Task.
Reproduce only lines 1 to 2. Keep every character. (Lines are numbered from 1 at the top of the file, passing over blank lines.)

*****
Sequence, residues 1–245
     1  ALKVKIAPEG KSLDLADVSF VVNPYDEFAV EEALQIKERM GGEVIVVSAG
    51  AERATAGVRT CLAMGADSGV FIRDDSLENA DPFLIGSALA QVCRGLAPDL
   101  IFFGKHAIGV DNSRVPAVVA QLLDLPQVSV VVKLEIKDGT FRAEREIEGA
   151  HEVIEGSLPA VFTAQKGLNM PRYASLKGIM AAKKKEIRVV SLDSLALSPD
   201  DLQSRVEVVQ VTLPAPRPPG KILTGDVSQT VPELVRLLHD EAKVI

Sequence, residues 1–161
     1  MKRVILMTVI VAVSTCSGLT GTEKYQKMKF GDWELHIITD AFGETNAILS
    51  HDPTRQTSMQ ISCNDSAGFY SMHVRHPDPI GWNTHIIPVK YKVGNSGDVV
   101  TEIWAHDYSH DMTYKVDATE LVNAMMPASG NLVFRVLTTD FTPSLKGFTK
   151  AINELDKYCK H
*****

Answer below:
Sequence, residues 1–245
     1  ALKVKIAPEG KSLDLADVSF VVNPYDEFAV EEALQIKERM GGEVIVVSAG